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  • Sam Meyer

English 10 Books

The 10th grade English classes study a wide variety of books, including a mix of novels regarded as “classics” and more modern and potentially more topical ones. However, all of the books are united under one acronym: P.A.I.L. which stands for power, agency, identity, and legacy. The books we’ve read thus far in English 10 Honors (Behind the Beautiful Forevers, Just Mercy, The Grapes of Wrath, The Scarlet Letter, Things Fall Apart, and 1984) all fit under the rubric of PAIL in the characters, storylines, and themes, which allows students to see these works in a different, powerful light.


Ms. Schutt has been teaching English 10 honors for over 20 years and currently teaches both the regular and honors courses. She said that “with PAIL, there was recognition of those issues coming up in the curriculum already, and we wanted to focus in on them because they are such big issues in the world today. We also wanted to connect the literature to what students were working on in both AP Euro and Global.” She then went on to say that she wanted students to understand how PAIL influences people and societies but also wanted students to be “developing [their] skills as readers and as close readers. Also, so [they] can see different writing styles and use those to experiment more with [their] own writing.”

Summer Reading Books for 10H: Behind the Beautiful Forevers, and Just Mercy





Behind the Beautiful Forevers, by Katherine Boo, takes place in the slums of Mumbai, following each character on their journey trying to escape the hold of extreme poverty. Boo captures the brutal difficulties and injustice that the slum dwellers have to go through, not only to get out of poverty but also to attain things as simple as an education or rights under the law. The book captures a unique perspective on a side of humanity that’s hard for many of us to imagine.

My Rating: 8/10

For the other summer reading book, students had a choice of John Steinbeck’s Grapes of Wrath, or Just Mercy. Just Mercy, which I read, is a first-person non-fiction book by Bryan Stevenson, a black civil-rights attorney who takes on tough cases, fighting the racial prejudices in America at the time. He sheds light onto the issues brilliantly and through powerful storytelling helps readers to understand the full nature of the injustice at hand.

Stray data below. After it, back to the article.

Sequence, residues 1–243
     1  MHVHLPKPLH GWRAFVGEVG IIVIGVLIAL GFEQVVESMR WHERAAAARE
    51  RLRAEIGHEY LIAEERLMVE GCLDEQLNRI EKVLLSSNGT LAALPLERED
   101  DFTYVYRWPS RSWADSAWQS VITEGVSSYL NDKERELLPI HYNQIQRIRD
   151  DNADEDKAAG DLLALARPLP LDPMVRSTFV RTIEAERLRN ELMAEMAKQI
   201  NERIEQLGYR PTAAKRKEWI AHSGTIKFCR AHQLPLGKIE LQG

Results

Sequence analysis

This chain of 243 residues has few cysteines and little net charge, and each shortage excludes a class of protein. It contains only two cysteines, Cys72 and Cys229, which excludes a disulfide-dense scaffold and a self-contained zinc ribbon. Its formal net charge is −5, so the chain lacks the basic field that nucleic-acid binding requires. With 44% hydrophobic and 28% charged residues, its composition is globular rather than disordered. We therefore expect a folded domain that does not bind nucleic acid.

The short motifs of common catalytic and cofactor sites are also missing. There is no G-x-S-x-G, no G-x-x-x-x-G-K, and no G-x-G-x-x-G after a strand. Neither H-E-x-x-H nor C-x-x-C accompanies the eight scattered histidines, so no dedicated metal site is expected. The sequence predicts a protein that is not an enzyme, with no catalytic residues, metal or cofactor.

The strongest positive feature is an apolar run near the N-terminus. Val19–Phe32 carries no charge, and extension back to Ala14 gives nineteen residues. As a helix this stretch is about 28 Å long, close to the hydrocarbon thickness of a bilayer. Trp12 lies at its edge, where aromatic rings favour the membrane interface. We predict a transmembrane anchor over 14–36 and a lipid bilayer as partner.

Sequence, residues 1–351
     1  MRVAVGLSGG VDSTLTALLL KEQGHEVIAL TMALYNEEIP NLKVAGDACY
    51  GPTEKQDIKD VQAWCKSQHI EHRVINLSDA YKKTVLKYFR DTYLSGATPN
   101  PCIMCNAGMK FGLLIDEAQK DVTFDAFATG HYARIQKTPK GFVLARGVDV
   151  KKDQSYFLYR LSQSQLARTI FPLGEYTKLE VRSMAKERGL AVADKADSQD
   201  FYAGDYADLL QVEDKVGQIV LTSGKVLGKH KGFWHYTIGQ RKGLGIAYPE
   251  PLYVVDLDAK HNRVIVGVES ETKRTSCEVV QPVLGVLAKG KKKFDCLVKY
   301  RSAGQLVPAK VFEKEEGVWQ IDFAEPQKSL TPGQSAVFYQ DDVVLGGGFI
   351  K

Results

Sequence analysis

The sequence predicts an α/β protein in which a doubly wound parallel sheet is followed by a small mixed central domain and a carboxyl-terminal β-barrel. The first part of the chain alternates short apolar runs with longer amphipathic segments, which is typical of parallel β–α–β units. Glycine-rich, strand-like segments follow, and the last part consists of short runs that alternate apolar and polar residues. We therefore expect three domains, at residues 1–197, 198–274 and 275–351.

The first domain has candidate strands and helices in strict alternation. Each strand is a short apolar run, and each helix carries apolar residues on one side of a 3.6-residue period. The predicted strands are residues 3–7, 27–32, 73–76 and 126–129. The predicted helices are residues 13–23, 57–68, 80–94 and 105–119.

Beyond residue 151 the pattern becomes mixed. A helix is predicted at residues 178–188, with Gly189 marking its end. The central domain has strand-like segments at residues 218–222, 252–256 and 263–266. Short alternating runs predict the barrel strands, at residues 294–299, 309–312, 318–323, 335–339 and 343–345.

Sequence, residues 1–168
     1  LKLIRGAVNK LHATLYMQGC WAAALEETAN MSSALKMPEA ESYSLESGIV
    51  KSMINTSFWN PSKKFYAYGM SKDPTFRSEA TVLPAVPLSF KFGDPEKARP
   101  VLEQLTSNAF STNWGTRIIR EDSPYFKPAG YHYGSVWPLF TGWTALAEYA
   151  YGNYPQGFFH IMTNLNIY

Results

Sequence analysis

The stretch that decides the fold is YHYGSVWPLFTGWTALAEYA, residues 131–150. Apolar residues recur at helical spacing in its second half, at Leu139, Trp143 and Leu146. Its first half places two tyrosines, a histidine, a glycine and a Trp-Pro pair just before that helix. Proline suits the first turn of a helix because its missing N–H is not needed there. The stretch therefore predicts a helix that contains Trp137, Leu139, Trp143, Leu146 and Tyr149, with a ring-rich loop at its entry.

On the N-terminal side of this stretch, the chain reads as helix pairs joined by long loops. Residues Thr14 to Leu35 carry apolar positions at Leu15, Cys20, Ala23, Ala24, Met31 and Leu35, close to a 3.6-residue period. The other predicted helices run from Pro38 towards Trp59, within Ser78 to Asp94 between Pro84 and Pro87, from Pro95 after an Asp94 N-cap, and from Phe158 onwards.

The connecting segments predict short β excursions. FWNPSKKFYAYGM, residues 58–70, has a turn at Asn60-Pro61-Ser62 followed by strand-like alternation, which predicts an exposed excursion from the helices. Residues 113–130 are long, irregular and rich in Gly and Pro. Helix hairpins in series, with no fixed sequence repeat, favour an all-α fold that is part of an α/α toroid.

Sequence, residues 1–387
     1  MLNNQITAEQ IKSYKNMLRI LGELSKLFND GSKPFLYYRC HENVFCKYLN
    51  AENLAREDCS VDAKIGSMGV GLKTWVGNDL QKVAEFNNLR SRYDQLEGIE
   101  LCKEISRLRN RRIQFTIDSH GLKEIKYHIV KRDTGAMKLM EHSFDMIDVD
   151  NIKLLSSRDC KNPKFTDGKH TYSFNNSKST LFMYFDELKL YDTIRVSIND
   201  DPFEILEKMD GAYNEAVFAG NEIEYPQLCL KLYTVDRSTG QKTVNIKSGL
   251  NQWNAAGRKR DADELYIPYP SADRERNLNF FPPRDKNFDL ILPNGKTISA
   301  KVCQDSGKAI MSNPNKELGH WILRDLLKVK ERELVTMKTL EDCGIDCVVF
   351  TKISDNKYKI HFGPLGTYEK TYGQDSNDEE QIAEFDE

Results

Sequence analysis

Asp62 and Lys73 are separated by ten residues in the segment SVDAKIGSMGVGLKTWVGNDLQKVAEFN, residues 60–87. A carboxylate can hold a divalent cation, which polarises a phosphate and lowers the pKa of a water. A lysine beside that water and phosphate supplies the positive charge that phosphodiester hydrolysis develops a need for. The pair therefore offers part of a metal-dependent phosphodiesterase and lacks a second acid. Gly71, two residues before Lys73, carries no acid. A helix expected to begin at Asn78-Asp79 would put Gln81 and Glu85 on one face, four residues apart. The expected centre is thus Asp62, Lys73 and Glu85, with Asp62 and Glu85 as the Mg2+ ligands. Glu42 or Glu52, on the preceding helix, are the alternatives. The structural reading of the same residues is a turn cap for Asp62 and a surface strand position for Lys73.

My Rating: 10/10

Nathaniel Hawthorne’s The Scarlet Letter is a 19th-century novel, and one of Mrs. Schutt’s favorites because of the, as she describes it, “deeply human situations that it considers, and the ways PAIL are so integral in the novel.” The story takes place in colonial-time America and tells the story of Hester Prynne, who lives in her town’s limelight because of the sin of adultery, which she committed. The story is incredibly touching, but also difficult to understand. Lindsey Jaffe (‘25), didn’t have such a reaction and said, “I really enjoyed reading the book because of the female protagonist who is on her own journey.”

My Rating: 6.5/10

Things Fall Apart by Chinua Achebe captures not only the upsetting impact of British imperialism on tribal Nigeria but also the story of Okonkwo, a fierce warrior in his village, Umuofia, who is determined to defend it from invasion. Achebe is a skillful writer who masterfully uses proverbs to get messages across, while at the same time telling a story that will not only hold your attention but engage your emotions as well.

My Rating: 8.5/10

1984 is one of Orwell’s classic works that never loses relevance. Displaying the dangers of losing individuality in the face of an oppressive government, the story of Winston Smith is one that has spoken to millions. Orwell, an enemy of all authoritarian governments, wrote 1984 as a cautionary tale, showing why we need to defend our basic rights and culture, such as language and identity.


My Rating: 10/10

Overall, I think that what I have learned from this year’s English class has helped me improve as a reader and writer more than ever before. While some better than others, the books all spread important values, and the year as a whole is fundamental in developing one’s skill at reading and writing.


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